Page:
The Mercury News
A South San Jose Jewish community is looking for answers after their synagogue burned down Wednesday morning.
Security camera footage showed the fire starting in the Chabad House’s carport around midnight, said Rabbi Mendel Weinfeld. It burned for several hours, died down and reignited. The rekindled flames then spread through the interior of the synagogue.
“The fire went to all sides of the building,” Weinfeld said. “The whole building is a loss.”
Weinfeld said the synagogue at 1088 Branham Lane was not equipped with fire alarms. Several people walked past the building while the fire was burning, the rabbi added, but the fire was not reported until 7 a.m., when waste collectors arrived to pick up the garbage.
The synagogue’s Torah scrolls were spared thanks to the timely intervention of a community member and firefighters, Weinfeld said.
“The most precious thing in a synagogue is the Torah scrolls, and one brave community member actually came running and was able to, with the help of the firefighters, recover the Torahs,” Weinfeld said. “But many other holy books were burned.”
The community member – Jacob Cohen, 53, of San Jose – said he rushed to the scene after learning from a friend that the Chabad House was on fire. Cohen explained to firefighters the importance of the Torah scrolls and asked if they could be saved.
“I’m not the type of person who believes in saying, ‘Oh yeah, I did this great thing.’ I was just there at the right time,” Cohen said. “I think it’s really the firemen who went in there and pulled them out.”
While the start of the fire was caught on camera, the footage doesn’t tell the entire story, Weinfeld said.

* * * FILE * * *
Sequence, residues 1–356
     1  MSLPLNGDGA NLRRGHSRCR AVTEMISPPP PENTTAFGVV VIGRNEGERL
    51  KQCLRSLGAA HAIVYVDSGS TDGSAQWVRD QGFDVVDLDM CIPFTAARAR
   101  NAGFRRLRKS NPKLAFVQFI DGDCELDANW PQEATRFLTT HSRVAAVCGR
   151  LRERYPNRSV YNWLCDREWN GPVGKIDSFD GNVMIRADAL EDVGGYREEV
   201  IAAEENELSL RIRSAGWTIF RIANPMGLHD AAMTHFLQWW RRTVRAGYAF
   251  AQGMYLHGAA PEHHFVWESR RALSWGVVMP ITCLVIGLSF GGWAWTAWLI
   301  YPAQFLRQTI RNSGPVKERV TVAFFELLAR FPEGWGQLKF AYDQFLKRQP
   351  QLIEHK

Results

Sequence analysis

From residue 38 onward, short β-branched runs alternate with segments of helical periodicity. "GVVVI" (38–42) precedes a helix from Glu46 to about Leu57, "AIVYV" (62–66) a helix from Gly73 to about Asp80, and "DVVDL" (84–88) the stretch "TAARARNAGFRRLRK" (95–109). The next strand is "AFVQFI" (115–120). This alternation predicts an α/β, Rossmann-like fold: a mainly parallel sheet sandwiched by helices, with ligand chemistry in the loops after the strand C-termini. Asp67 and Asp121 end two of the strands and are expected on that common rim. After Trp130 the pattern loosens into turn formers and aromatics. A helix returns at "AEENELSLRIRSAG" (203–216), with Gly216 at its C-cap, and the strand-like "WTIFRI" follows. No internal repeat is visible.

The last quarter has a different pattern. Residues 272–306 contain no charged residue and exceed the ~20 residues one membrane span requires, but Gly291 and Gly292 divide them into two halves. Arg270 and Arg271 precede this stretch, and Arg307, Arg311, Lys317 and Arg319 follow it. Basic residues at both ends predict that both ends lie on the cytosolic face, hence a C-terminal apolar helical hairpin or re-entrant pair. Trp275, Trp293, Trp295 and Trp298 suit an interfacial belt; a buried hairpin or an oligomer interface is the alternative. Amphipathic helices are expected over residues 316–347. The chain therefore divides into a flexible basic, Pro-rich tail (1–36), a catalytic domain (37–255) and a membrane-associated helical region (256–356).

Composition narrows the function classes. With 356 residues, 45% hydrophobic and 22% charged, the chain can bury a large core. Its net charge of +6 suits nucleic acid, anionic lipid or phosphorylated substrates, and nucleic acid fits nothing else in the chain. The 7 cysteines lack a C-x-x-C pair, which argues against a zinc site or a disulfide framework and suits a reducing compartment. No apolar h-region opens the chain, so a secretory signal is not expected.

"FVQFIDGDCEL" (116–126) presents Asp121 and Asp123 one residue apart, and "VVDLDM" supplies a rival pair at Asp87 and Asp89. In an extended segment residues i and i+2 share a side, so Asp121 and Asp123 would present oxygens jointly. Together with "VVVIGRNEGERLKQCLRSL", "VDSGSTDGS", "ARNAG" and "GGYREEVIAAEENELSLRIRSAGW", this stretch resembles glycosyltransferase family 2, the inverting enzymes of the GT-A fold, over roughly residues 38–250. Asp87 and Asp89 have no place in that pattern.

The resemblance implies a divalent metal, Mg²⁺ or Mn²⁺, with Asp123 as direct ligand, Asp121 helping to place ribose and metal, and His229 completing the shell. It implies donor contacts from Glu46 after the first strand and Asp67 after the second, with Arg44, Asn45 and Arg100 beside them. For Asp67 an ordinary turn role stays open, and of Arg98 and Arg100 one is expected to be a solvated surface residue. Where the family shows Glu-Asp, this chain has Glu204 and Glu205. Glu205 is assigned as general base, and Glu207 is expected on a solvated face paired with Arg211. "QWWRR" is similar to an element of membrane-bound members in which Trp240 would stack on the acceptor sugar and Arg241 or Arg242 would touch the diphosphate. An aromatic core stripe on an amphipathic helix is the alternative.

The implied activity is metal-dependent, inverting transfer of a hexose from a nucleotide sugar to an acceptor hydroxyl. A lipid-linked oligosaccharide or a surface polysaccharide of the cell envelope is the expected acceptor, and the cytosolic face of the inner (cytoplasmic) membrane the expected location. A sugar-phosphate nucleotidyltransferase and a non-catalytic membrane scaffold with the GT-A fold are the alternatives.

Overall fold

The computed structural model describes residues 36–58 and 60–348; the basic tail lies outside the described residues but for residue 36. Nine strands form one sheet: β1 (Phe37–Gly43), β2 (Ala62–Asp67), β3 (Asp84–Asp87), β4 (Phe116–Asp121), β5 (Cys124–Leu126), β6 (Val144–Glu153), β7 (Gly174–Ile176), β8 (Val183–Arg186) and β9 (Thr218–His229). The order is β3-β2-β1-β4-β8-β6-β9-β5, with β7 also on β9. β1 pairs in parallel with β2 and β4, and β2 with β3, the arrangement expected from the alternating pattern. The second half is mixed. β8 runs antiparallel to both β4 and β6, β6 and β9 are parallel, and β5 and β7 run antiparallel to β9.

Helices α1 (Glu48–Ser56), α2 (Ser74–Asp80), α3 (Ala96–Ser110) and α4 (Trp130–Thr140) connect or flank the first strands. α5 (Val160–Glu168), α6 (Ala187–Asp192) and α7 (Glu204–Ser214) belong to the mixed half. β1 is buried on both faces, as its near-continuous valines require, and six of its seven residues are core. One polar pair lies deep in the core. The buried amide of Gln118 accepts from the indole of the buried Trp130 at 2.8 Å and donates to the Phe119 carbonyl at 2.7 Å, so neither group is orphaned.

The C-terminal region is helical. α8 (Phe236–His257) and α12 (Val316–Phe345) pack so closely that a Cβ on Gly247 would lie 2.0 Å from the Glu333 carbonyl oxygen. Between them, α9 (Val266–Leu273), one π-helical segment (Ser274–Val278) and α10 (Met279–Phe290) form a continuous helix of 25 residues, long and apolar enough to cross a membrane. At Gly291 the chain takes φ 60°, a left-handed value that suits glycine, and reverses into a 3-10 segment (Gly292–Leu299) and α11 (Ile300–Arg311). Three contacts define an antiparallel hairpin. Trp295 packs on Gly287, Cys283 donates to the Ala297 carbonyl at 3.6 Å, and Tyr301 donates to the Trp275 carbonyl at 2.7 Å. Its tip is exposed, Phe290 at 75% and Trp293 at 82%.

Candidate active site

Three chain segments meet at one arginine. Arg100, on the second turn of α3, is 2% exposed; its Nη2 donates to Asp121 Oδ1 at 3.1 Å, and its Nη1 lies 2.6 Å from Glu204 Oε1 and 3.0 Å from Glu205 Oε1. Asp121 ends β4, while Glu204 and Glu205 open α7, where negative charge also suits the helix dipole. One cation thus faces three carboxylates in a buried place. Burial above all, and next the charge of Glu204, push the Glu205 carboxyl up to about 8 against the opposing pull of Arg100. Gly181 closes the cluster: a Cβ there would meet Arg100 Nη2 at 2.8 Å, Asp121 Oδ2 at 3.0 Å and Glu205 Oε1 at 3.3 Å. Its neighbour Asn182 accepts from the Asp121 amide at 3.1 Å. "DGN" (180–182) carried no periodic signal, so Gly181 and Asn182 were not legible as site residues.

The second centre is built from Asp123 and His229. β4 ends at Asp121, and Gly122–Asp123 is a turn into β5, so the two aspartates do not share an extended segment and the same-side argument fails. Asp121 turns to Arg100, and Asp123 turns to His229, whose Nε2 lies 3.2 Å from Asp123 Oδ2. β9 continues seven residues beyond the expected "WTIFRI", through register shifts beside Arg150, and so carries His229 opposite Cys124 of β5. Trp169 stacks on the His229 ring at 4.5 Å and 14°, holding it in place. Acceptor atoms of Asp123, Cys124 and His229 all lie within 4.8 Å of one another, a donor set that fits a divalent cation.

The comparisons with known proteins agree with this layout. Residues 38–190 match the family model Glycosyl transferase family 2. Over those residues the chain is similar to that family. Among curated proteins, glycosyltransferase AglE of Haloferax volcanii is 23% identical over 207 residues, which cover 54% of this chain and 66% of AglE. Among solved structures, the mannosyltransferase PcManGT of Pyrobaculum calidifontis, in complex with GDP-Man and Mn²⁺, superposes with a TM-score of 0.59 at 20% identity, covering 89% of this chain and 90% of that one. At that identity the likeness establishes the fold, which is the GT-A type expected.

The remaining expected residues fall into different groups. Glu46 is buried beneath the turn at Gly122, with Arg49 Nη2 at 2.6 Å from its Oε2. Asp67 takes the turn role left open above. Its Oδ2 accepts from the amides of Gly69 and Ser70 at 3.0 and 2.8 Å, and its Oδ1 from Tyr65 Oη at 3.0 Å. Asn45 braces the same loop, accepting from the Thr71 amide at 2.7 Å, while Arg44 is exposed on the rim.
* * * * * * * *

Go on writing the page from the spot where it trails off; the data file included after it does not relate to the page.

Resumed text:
“There is something blocking the area,” he said.
Weinfeld said the cause of the fire remains under investigation, but he noted that “synagogues don’t burn down every day.”
“We don’t know if it was a hate crime,” he said.
Cohen, meanwhile, speculated that the fire might have a less sinister origin.
“I can’t tell how it started and why it started,” Cohen said. “If I had to guess, living in San Jose, it was probably a homeless person trying to stay warm. It’s a miracle that no one got hurt.”
The San Jose Fire Department did not immediately return messages seeking additional information about the fire.
Weinfeld moved to the Bay Area from Brooklyn, New York, about two years ago to establish the Chabad House. The synagogue held its grand opening in September, during Rosh Hashanah.
Efforts are already underway to raise funds to rebuild the synagogue, Weinfeld said. An online fundraiser — www.gofundme.com/f/rebuildchabad — had raised more than $16,000 of the $250,000 goal as of 7:30 p.m. Wednesday.
“Our message is clear: We don’t give in. We fight. And we will rebuild bigger and stronger. That’s what the community deserves at this time and everyone is behind us,” he said.
“The fire of Judaism is going to last a lot longer than this fire that burned down our synagogue.”